US says China seriously dealing with emissions

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China is certainly making serious efforts to deal with carbon emissions, U.S. Special Envoy for Climate Change Todd Stern said Wednesday, adding he has "enormous respect" for what China is doing domestically.

Stern told reporters that he knew China is doing a great deal with respect to increasing energy efficiency, renewable energy and so forth after visiting factories, the Tianjin Climate Center and various places in China in October.

"We know that there are more to be done (in China)," said Stern at the sideline of the ongoing UN climate change conference.

In November 2009, China promised to reduce carbon dioxide emissions per unit of gross domestic product by 40 to 45 percent by 2020 from 2005 levels, while increase the share of non-fossil fuels in primary energy consumption to around 15 percent by 2020.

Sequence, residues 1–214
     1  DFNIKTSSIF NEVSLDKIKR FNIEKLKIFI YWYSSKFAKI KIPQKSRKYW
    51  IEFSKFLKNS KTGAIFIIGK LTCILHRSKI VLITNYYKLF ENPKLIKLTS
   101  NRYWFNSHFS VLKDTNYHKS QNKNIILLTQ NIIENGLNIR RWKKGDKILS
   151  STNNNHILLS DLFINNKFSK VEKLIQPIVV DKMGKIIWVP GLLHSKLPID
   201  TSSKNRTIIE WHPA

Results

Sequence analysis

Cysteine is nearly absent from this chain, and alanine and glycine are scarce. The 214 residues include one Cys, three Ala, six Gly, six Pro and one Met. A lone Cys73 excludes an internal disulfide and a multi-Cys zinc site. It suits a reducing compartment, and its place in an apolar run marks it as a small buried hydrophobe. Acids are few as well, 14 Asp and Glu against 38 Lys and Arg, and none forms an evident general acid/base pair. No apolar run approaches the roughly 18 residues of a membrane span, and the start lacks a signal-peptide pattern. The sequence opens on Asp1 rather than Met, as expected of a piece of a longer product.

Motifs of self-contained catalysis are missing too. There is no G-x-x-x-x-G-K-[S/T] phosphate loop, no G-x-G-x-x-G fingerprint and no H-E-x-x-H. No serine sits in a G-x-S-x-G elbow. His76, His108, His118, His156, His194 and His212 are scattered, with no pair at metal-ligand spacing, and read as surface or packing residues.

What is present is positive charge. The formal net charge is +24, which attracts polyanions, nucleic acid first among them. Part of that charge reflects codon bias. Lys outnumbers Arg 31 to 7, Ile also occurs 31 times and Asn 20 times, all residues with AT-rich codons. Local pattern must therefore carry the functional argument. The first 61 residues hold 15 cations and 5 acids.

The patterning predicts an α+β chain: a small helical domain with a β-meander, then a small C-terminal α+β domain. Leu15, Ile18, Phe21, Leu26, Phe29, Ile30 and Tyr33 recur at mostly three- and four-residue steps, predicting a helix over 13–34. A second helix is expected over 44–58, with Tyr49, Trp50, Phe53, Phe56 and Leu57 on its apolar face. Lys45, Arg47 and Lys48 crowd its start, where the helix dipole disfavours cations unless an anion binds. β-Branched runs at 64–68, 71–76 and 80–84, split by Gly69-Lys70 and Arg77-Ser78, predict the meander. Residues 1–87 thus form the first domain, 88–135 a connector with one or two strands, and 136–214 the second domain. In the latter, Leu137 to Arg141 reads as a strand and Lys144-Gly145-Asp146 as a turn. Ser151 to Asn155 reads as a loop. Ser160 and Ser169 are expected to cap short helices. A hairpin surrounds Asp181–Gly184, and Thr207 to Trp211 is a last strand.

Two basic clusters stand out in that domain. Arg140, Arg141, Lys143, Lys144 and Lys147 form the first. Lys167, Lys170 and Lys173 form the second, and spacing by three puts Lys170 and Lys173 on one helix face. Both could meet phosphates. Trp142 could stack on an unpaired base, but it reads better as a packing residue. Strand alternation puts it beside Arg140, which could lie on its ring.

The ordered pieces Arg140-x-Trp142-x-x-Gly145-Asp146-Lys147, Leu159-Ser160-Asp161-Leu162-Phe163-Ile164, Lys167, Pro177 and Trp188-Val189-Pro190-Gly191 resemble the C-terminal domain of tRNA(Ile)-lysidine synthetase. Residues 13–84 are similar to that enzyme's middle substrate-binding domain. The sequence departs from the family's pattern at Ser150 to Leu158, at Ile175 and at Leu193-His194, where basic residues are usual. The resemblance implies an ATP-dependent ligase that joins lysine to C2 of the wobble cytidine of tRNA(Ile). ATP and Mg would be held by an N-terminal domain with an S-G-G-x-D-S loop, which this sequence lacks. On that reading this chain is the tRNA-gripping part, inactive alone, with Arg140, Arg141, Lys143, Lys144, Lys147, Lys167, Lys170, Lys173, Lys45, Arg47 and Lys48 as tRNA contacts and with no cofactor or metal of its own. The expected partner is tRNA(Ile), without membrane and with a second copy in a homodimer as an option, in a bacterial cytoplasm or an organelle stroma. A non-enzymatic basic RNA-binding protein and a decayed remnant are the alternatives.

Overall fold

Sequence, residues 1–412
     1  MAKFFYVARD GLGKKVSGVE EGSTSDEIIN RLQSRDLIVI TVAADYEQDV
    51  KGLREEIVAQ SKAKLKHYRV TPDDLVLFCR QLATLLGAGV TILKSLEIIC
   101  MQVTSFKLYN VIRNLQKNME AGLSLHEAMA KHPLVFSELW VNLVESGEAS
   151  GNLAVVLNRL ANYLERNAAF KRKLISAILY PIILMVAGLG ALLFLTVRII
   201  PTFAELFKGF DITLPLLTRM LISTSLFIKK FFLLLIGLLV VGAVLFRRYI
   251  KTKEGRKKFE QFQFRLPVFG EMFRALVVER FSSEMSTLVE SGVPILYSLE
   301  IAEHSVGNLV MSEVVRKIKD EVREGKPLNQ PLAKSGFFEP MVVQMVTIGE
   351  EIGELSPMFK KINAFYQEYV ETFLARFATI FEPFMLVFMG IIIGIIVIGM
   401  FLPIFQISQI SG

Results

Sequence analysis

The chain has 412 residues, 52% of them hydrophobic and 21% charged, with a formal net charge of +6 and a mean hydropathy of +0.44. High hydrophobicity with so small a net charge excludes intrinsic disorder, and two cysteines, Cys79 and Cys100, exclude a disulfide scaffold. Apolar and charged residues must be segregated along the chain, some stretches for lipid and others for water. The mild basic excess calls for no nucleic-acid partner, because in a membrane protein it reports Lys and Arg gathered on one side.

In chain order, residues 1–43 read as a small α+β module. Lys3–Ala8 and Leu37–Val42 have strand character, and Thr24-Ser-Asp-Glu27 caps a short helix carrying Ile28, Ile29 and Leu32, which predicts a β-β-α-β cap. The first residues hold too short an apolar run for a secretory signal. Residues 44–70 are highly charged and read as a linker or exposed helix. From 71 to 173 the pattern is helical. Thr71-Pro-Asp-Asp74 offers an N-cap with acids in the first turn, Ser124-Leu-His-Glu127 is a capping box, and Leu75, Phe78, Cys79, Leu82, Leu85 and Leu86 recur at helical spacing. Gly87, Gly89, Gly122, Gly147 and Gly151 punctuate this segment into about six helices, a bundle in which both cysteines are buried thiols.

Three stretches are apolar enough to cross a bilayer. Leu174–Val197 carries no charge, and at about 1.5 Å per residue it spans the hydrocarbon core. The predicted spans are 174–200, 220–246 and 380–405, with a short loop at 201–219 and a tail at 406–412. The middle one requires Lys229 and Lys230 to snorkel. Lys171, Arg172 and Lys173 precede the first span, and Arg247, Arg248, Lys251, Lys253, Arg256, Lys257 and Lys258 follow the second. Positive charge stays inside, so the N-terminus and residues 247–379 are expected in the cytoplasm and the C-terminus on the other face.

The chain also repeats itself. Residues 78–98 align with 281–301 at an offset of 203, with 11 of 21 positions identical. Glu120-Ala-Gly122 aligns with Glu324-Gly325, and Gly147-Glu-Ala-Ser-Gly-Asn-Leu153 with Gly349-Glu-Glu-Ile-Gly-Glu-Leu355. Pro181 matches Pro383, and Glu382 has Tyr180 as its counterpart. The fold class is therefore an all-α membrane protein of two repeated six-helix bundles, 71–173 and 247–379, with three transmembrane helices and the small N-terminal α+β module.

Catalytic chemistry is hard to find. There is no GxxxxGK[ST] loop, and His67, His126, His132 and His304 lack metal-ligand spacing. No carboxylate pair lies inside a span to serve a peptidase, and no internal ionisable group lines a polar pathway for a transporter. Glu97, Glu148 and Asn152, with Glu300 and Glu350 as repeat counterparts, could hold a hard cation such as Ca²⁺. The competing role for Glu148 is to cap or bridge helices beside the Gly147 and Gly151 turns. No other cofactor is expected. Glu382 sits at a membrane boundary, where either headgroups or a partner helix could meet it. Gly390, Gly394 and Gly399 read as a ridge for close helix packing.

During the 11th Five-Year (2005-2010) Plan period, China's investment in energy-saving and emission-reduction projects reached about two trillion yuan (about 300 billion U.S. dollars), more than 200 billion yuan of which came from the Chinese government, according to China's National Development and Reform Commission.

Stern said even with all the good work China is doing, its emissions are still enormously high. However, "China is certainly making serious efforts to deal with it," Stern said.

The official said the United States and China have very good channels of communications and he "absolutely" hopes the U.S. and China can cooperate together on climate change.

"I think there will be a lot of cooperation in the future and it needs to be," he told reporters.

The UN climate change conference, running from Nov. 29 to Dec. 10 in the Mexican resort of Cancun, aims at finding solutions to global climate change. Attendees include some 25,000 government officials, businessmen as well as members of nongovernmental organizations and research institutions from almost 200 countries.

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